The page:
Black Friday means one thing to me: DO NOTHING.
For the second day-after-Thanksgiving out of the last three, I did nothing. But this is by design. I refuse, refuse, REFUSE, to share the streets, aisles, floors, with the mad American shoppers. Too many crazed, wild-eyed consumers; too many people who would rather sit out in the cold on the nicest, most relaxing day of the year. I can’t even consider spending any appreciable amount of time in the vicinity of someone like that. I value my sanity.
So Black Friday means only one thing for this wild-eyed misanthropic blogger: stay home.
Sometimes, I do make an exception.
Yesterday, my car was down to its last 13 miles of gas (give or take 12), and foreseeing that I would need to drive about 10 miles early this morning, I decided I needed to, 1) get cash in order to, 2) fill ‘er up.
Afterwards, my delicious plan was to come straight home, sit in front of the computer, do some household chores, and not leave the house, nor indulge in those activities that make it seem you still haven’t lost your marbles (showering, brushing teeth, getting some fresh air and sun). My day was mapped out.
I visited my local no-fees ATM machine and on the way passed a store whose sidewalk was lined with early morning shoppers-in-wait. How early did they get there to line up at the front, I wondered. And why? Is it that important you get such a deal from a store that promises never to charge you one dollar or more for any of the merchandise on its shelves? I’m convinced that Black Friday isn’t about deals as much as it is about shared, collective lunacy, a capitalistic frenzy of mass madness. I drove by these losers and took out my money.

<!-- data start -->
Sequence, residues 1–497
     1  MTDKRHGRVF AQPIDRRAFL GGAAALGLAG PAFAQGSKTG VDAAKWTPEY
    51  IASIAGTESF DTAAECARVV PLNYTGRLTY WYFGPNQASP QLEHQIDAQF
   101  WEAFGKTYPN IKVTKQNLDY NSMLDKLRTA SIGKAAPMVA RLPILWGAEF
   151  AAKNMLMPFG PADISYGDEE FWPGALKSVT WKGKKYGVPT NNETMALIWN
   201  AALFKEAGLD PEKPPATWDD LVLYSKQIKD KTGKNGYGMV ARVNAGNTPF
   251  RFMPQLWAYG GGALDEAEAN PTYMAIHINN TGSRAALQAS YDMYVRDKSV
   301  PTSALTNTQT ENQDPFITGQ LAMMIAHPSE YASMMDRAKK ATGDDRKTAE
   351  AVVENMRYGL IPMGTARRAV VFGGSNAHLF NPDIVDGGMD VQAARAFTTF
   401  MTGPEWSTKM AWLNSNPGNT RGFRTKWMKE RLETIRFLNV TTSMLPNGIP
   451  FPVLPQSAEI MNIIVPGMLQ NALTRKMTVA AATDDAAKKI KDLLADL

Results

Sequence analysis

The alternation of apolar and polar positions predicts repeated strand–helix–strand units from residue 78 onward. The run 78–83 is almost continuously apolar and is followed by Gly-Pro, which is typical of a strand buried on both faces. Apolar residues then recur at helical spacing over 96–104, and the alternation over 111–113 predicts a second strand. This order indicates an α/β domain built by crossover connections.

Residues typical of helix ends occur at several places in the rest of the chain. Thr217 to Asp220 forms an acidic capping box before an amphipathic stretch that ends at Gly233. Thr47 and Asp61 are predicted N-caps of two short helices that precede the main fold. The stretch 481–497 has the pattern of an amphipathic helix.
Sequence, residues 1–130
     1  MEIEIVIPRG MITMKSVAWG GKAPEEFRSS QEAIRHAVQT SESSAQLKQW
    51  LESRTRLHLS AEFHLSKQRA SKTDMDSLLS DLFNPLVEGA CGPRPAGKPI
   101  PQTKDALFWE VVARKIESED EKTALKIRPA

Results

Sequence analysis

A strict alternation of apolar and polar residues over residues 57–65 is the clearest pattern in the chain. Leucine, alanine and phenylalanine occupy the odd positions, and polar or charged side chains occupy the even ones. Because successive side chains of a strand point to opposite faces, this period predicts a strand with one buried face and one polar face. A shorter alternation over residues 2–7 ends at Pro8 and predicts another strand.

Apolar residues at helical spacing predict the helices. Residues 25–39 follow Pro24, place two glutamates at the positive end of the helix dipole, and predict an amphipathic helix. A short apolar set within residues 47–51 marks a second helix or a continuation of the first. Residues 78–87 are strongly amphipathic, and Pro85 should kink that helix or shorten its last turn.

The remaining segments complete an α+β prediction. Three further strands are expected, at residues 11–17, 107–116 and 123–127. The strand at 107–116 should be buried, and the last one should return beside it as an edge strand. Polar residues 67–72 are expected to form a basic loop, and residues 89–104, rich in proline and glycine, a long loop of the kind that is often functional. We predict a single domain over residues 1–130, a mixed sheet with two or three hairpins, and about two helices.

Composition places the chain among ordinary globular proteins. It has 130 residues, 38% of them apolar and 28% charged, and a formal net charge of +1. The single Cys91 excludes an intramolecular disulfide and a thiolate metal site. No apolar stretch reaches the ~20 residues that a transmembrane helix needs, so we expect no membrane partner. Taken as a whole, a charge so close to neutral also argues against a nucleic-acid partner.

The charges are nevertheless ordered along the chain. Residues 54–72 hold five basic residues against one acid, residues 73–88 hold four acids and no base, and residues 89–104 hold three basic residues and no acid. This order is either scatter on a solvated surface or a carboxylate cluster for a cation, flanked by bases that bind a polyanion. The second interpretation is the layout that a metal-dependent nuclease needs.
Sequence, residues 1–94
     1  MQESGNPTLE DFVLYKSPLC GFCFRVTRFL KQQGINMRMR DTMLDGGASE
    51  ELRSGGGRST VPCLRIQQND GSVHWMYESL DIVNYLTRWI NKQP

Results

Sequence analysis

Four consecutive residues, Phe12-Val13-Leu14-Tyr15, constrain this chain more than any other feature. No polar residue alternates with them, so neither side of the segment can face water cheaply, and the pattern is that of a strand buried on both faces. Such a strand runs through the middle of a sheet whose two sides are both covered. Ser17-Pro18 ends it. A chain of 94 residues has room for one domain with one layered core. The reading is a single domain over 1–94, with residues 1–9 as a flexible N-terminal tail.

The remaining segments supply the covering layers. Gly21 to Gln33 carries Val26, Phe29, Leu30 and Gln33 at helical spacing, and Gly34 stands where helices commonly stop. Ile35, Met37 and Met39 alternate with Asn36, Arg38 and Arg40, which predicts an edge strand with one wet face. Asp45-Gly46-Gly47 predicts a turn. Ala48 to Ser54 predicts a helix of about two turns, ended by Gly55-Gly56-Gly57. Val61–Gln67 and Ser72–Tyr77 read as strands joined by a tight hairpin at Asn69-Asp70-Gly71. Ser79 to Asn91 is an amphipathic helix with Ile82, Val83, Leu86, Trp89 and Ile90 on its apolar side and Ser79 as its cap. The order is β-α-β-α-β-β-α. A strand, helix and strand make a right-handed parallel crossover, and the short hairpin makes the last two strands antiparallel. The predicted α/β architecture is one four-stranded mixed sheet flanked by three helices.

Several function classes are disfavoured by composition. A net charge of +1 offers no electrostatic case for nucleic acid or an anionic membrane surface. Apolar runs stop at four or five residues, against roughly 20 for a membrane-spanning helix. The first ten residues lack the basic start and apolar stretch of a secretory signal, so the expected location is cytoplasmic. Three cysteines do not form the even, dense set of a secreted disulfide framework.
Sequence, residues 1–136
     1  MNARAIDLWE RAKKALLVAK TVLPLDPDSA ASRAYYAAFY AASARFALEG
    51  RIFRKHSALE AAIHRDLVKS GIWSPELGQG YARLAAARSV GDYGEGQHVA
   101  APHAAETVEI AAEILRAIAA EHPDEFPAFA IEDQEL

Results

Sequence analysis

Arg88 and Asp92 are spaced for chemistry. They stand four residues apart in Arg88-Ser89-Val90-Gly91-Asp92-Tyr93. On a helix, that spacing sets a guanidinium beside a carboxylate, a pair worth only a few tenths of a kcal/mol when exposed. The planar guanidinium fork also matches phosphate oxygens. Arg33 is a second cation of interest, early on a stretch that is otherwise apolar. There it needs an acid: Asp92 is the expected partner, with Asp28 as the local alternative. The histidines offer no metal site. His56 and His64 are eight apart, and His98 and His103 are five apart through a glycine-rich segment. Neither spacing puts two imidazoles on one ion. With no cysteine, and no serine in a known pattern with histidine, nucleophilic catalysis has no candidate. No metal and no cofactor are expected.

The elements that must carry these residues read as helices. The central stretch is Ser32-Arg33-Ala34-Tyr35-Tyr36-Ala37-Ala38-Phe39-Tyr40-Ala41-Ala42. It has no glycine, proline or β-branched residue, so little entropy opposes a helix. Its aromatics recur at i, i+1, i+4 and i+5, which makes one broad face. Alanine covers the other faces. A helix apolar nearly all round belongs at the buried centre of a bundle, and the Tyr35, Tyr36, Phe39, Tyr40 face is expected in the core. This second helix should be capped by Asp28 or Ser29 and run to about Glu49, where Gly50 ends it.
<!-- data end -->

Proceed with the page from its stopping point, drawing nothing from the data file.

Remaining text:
Now the reason I pay cash for my gas is that I prefer ARCO gas stations. Their prices are usually a tad lower than the larger chains, and it seems one reason may be that they do not accept credit cards. If you want some ARCO gas, you better have cash or an ATM card in hand. I’m fine with this. Anything to minimize my gasoline bill. There’s a neighborhood ARCO I’ve used for ages, but recently I’ve begun visiting another one because they seem to cost about a penny or two less. I’m such a fickle gas bitch.
No loyalty from me. No sir.
I’m a gas whore and I will betray my closest gas station wife for the sake of one cent. It’s a disgrace and shamelessness is my fuel!
Whereas the ARCO I’ve been faithful to for years treats me steadily and dependably, the new ARCO is a cunt.
The first time I gassed up there, about a month ago, I decided to put all the cash in my pocket to gas – $24 of it.
I was running on fumes and I knew 24 bucks would not fill up my tank, but it would buy me a week or two (I don’t drive very often). I pulled up to pump # 12 and carried my money to the counter. I have this very bad habit of talking too fast when ordering anything and many times, I speak like a total retard in such situations. I speak in an irregular and chaotic cadence and frequently, the cashiers don’t understand what I said. I’m constantly being asked to repeat my order. So, with this in mind, I made sure to slow down and speak clearly. I made sure to enunciate. I told the kid, “Hi…twenty-four…dollars…on…number…twelve.” He looked at me with a tinge of confidence, so I walked away assured. While the gas nozzle pumped steadily into my tank, I stood by and began to zone and was startled when the pump began counting down slowly, indicating it had neared the prepaid total.
But it was too soon!